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Important Things to Consider when Introducing a New Geometry Unit

It is important to front-load a unit of study with your Geometry students. Students need to feel supported without fear of any “gotchas.” This means allowing students in on the concepts that will be on the unit assessment.

When I introduce a unit, I literally speak words such as, “This bulletin board/unit intro page lists the exact concepts that you will be assessed over. I am giving you your study guide at the beginning of the unit.” Students feel relieved to know there will be no surprises. It empowers them to own their mastery of the content. Below you will find some specific ways I front-load a unit.

 
Right Triangle and Trigonometry Bulletin Board/Concept Map

1. Unit Overview/Concept Map Bulletin Board

Use a bulletin board in your classroom and create a road map of what students will learn in the unit. This is not a place for anchor charts, though they are very helpful and serve a necessary purpose. Anchor charts should be made together, teachers with students, and should be a more detailed look into a particular skill or concept. The unit overview is teacher-made and is a broad overview of the major themes of the unit. It provides students with a flow of the learning process. When introducing the unit, go over it with students and then refer to it often throughout the unit. This helps students visualize the contents and understand where they are in the big picture of the unit.

Practical tip: I leave the map or most of the map up for the unit test. I will take down some parts that are too helpful sometimes, but leave the bones of it as a support for them. I take it down entirely right after the unit test and put up the following map so we can begin the next unit the next class.

2. Unit Intro Page for Student Notebooks


The unit intro page is similar to the bulletin board, but is for individual student use. I make and print these on colored paper for the students to place at the front of the unit in their interactive notebook. As I mentioned above, I let them know this is a guide to what will be on their assessment. On this unit intro page, I include all the relevant vocabulary and Desired Learner Outcomes in the form of “I can,” statements.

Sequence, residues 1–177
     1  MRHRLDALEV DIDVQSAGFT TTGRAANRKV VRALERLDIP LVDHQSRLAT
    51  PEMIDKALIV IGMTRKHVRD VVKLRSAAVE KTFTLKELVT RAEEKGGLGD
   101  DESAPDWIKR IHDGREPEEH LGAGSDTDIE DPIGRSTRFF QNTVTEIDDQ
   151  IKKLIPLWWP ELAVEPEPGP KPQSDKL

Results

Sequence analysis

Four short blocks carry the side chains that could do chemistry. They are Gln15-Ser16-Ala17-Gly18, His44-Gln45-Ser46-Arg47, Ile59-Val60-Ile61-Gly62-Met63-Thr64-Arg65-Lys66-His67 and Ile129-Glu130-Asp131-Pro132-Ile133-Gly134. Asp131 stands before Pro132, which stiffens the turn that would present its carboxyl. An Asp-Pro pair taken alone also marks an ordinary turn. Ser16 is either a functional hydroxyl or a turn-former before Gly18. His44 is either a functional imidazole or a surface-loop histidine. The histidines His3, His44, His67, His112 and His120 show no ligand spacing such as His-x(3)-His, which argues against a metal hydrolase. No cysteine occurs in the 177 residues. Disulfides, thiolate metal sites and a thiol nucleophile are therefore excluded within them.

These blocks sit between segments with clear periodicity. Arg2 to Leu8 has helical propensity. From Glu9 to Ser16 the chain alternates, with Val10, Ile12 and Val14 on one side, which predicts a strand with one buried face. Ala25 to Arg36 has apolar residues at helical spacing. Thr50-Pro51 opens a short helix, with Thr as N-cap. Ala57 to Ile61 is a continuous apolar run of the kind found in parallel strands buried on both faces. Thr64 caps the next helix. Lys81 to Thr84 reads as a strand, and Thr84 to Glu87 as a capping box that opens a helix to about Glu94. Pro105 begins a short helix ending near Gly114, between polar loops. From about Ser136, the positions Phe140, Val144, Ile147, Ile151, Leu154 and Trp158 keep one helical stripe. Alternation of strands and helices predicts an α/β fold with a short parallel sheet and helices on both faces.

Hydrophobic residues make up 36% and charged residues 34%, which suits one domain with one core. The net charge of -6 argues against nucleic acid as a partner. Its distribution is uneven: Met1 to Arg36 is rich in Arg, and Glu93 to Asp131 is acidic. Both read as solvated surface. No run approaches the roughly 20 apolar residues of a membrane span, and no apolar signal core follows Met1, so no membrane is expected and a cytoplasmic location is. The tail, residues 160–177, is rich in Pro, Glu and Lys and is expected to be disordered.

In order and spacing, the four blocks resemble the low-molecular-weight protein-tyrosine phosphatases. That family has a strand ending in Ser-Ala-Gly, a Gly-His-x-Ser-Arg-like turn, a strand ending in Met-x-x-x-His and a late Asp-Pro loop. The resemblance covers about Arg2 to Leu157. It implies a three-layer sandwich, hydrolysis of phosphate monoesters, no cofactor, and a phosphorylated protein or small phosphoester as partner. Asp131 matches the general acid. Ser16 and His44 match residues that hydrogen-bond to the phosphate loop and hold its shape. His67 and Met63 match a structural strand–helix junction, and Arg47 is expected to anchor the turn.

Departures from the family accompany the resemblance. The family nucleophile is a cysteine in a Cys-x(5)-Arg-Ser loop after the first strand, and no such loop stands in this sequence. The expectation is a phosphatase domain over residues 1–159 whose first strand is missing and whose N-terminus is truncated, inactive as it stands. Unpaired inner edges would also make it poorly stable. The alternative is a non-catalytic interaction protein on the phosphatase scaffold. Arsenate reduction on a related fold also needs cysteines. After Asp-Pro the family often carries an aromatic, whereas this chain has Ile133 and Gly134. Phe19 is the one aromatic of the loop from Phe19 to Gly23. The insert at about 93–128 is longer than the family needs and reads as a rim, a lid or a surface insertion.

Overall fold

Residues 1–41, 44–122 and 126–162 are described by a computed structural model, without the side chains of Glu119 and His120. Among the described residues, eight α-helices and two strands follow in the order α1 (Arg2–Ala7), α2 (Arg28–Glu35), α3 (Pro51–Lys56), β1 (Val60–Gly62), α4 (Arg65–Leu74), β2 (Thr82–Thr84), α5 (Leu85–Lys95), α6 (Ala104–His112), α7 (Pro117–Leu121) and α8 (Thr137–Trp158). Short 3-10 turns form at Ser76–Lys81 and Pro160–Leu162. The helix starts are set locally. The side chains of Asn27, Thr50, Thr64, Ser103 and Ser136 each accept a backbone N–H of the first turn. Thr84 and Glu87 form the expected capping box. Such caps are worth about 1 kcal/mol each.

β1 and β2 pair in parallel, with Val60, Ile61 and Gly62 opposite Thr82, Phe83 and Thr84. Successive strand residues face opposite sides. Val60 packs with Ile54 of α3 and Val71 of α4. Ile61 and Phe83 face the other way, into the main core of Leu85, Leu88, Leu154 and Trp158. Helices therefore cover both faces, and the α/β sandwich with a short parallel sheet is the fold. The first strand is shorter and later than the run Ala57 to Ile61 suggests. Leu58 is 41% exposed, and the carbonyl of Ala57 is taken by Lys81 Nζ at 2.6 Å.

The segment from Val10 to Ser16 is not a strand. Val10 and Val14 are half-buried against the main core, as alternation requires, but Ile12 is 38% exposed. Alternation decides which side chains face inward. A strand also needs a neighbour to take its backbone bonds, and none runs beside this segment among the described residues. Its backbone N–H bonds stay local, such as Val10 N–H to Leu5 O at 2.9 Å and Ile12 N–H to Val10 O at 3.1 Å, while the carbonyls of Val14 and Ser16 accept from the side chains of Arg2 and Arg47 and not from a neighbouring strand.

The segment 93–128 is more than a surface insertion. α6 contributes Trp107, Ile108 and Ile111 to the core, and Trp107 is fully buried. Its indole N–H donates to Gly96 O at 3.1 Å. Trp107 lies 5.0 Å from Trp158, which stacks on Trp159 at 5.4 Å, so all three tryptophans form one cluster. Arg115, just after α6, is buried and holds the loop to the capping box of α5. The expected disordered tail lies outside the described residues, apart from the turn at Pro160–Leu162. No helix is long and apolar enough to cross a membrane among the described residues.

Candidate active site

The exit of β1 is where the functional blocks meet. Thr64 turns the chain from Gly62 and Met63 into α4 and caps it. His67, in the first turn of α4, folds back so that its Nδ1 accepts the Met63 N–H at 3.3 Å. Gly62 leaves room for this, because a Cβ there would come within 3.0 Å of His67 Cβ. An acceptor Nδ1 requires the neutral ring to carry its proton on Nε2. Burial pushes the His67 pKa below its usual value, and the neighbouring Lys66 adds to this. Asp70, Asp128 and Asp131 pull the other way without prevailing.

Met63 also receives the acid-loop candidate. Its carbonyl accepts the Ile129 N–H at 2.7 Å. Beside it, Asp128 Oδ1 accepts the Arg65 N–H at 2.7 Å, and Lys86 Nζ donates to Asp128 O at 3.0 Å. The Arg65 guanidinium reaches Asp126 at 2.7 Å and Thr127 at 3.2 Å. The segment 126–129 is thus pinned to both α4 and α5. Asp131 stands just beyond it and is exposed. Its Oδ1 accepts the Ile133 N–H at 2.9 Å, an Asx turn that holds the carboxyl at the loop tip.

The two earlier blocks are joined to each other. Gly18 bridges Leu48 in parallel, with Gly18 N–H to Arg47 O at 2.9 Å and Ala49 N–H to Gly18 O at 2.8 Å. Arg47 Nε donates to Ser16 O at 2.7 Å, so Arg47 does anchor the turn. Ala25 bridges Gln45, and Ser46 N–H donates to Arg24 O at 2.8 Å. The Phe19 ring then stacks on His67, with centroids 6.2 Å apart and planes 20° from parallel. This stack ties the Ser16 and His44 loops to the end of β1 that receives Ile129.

Triangles and Congruence Word Wall
 
 
example of magnets on the back of laminated word wall terms
 
 

3. Vocabulary Word Wall


Speaking of relevant vocabulary, it is also crucial to display current content vocabulary on your walls. Figure out a way that works for you and your classroom set-up, but try to make sure your walls are covered in current content, so that it changes every few weeks. For me, I have an extra whiteboard at the back of my classroom, so after I print and laminate my vocabulary, I place magnet tape on the back. (This makes it easy to put up, take down, move, and reuse.) I place the words on the board as they are introduced and I try for no more than 8 new content words per lesson.

Hopefully you found some ideas to help introduce your Geometry units to maximize student success. If you are wanting to save yourself some time and energy, you can find the Bulletin Board Concept Map resources I use HERE and the Word Walls I use HERE.

If you are interested in reading more teaching strategies in Geometry, try this fun and free Unit Circle lesson!

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